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This snippet

mm = m
Manipulate[{mm, Plot[mm x, {x, 0, 1}]}, {m, 0, 1}]

(m is not defined anywhere) produces a sadly fixed output, m remains symbolic.

This instead

mm = m
Manipulate[Evaluate@{mm, Plot[mm x, {x, 0, 1}]}, {m, 0, 1}]

makes the first element of the list be dynamically evaluated, but not the Plot, which remains empty because m remains symbolic. Lastly,

mm = m
Manipulate[{%, Plot[% x, {x, 0, 1}]}, {m, 0, 1}]

gets the correct thing, everything is evaluated dynamically. Why?

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marked as duplicate by Mr.Wizard Jul 21 '13 at 7:09

This question has been asked before and already has an answer. If those answers do not fully address your question, please ask a new question.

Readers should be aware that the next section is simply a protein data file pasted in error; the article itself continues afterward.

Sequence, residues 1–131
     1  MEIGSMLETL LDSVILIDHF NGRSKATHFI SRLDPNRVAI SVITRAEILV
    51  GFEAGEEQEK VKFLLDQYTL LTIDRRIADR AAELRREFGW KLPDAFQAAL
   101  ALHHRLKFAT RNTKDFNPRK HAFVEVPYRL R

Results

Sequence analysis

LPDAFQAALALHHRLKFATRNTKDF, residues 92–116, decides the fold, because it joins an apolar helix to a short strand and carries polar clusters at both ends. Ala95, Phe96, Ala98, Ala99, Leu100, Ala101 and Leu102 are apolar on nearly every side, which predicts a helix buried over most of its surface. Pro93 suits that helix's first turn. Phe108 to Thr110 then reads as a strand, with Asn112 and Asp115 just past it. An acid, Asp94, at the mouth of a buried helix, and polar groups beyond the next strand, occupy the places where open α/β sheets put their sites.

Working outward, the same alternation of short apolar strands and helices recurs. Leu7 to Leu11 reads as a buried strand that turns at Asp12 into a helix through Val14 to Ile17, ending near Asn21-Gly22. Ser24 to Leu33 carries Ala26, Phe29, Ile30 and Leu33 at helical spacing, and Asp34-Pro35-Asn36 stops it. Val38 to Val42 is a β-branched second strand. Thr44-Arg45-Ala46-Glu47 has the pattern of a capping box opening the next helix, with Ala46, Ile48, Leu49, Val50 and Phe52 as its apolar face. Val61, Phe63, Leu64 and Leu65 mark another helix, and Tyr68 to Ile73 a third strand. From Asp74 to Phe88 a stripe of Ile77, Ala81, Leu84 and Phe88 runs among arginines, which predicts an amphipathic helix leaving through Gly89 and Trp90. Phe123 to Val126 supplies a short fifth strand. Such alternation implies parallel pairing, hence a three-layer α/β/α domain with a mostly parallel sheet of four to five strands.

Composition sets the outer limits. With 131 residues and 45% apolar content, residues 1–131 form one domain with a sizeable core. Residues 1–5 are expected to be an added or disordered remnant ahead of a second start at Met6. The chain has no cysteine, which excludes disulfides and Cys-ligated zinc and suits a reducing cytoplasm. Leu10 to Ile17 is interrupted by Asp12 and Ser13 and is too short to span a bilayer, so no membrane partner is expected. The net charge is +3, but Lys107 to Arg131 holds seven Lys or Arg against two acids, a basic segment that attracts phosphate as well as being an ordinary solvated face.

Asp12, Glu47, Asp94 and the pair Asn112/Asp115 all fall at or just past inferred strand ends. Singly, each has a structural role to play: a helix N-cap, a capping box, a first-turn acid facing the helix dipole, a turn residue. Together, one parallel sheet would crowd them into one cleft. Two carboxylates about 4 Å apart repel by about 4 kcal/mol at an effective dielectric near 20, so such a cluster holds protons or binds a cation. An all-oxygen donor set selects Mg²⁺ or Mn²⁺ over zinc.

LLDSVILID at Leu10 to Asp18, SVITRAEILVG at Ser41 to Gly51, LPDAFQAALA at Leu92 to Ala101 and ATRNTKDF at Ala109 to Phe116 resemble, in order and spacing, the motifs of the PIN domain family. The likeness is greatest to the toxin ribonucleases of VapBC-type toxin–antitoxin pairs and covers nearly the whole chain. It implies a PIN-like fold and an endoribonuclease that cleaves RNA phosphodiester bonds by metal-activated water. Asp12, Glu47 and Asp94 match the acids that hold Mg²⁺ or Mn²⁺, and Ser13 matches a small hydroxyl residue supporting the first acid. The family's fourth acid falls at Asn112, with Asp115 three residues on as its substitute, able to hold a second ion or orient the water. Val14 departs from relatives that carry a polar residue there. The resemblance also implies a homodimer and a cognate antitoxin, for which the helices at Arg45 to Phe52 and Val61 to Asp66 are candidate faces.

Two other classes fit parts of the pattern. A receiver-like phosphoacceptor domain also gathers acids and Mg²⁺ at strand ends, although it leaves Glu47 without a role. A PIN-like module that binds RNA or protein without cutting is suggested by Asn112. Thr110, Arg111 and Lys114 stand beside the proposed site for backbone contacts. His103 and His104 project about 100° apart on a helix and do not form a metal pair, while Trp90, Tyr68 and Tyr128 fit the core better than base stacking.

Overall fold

1 Answer 1

As I understand it... Manipulate-able variables are only evaluated when they are defined within Manipulate

mm = m
Manipulate[{%, Plot[% x, {x, 0, 1}]}, {m, 0, 1}]

is the same as writing,

Manipulate[{mm = m, Plot[mm x, {x, 0, 1}]}, {m, 0, 1}]

In your first two examples the variable m is undefined and remains that way (i.e. is not linked to the Manipulate variable m).

Is this an answer? Perhaps, not quite?...

It is interesting that Evaluate seems to force mm to link to the Manipulate-"m" but doesn't work for Plot... Also, if only Plot is evaluated, e.g.,

Manipulate[{mm, Evaluate[Plot[mm x, {x, 0, 1}]]}, {m, 0, 1}]

The output slider stops working, however, the graphic is now dynamically linked to the other sliders/outputs in the notebook... try it!

Weird.

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